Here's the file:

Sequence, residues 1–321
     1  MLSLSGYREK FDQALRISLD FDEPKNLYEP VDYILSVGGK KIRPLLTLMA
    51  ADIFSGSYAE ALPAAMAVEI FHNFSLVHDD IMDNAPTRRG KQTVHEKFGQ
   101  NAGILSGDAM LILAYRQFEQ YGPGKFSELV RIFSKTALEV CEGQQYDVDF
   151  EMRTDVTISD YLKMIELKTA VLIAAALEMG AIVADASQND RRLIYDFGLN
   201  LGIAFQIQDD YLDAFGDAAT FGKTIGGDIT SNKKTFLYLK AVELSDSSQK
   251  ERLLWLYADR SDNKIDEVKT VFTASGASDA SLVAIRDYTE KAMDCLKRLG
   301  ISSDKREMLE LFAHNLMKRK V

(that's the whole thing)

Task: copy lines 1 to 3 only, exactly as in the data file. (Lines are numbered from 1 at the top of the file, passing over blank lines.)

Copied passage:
Sequence, residues 1–321
     1  MLSLSGYREK FDQALRISLD FDEPKNLYEP VDYILSVGGK KIRPLLTLMA
    51  ADIFSGSYAE ALPAAMAVEI FHNFSLVHDD IMDNAPTRRG KQTVHEKFGQ